Select one of the three views above to begin. The images will be displayed in a table on the left, with a slideshow panel on the right.
Clicking on an image on the left will set the slideshow to that image.
The slideshow can be used to manually or automatically flip through the images in order.
AUTHORS: *Reagan R. Wetherill1, Kanchana Jagannathan1, Falk W. Lohoff1, Ronald Ehrman2, Charles P. O'Brien1,Anna Rose Childress1, & Teresa R. Franklin1
1University of Pennsylvania, Department of Psychiatry, Philadelphia, PA 19104, USA
2Philadelphia VA Medical Center, Philadelphia, PA 19104, USA
* Corresponding author: Reagan R. Wetherill, Ph.D.
University of Pennsylvania, Department of Psychiatry
3900 Chestnut Street, Philadelphia, PA 19104, USA
Telephone: (215) 222-3200 ext. 141
Fax: (215) 386-6770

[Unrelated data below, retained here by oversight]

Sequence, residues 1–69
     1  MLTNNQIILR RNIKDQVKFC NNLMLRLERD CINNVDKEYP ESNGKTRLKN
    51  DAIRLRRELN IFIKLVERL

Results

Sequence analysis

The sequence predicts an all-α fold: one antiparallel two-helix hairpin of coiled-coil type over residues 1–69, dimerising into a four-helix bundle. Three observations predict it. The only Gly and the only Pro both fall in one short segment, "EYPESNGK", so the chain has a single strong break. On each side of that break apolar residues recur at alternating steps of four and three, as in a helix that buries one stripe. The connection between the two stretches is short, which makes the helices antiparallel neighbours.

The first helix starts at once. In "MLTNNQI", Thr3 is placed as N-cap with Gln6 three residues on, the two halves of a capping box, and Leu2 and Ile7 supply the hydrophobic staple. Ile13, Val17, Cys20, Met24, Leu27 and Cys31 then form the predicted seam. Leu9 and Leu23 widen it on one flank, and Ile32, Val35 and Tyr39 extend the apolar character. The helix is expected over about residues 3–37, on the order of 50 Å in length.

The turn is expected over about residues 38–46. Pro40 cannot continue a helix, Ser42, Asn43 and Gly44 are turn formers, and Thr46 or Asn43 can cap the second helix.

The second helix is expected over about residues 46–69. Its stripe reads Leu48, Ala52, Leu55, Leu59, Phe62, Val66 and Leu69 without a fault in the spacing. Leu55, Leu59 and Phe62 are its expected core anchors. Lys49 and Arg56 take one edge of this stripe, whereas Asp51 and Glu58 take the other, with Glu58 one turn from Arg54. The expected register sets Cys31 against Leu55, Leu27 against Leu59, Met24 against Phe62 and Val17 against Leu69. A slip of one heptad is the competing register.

Cigarette-dependent smokers automatically and involuntarily orient attention towards smoking cues (SCs). This attentional bias is clinically significant, as it may contribute to relapse. Thus, identifying neural and genetic correlates of attentional bias is critical for improving interventions. Our previous studies show that the dopamine transporter (DAT) SLC6A3 genotype exerts profound effects on limbic responses to SCs. One potential mechanism underlying these effects is greater attentional bias for SCs. Here, we explored associations between attentional bias for SCs and neural responses to SCs among ‘sated’ smokers genotyped for the SLC6A3 polymorphism. Pseudo-Continuous arterial spin-labeled (pCASL) perfusion fMR images were acquired during SC exposure in 35 smokers genotyped for the SLC6A3 variable number of tandem repeats (VNTR) polymorphism (n=16, 9-repeats; n=19,10/10-repeats). Participants completed a visual dot-probe attentional bias task, which contained pictures of smoking and non-smoking pictures, to examine whether genetic variation in DAT influences attentional bias and to investigate relationships between attentional bias and neural responses to SCs. Although attentional bias to smoking pictures was not significantly different between 9-repeats and 10/10-repeats, 9-repeats showed a positive correlation between attentional bias and increased SC-induced brain activity in the amygdala; whereas, 10/10-repeats showed an inverse correlation in the medial orbitofrontal cortex (mOFC). In group comparisons, 9-repeats exhibited positive correlations between attentional bias and SCs in the mOFC and amygdala, relative to 10/10-repeats. Findings suggest that genetic variation in the DAT gene influences brain responses associated with attentional bias; thus, providing additional support for a SC-vulnerable endophenotype.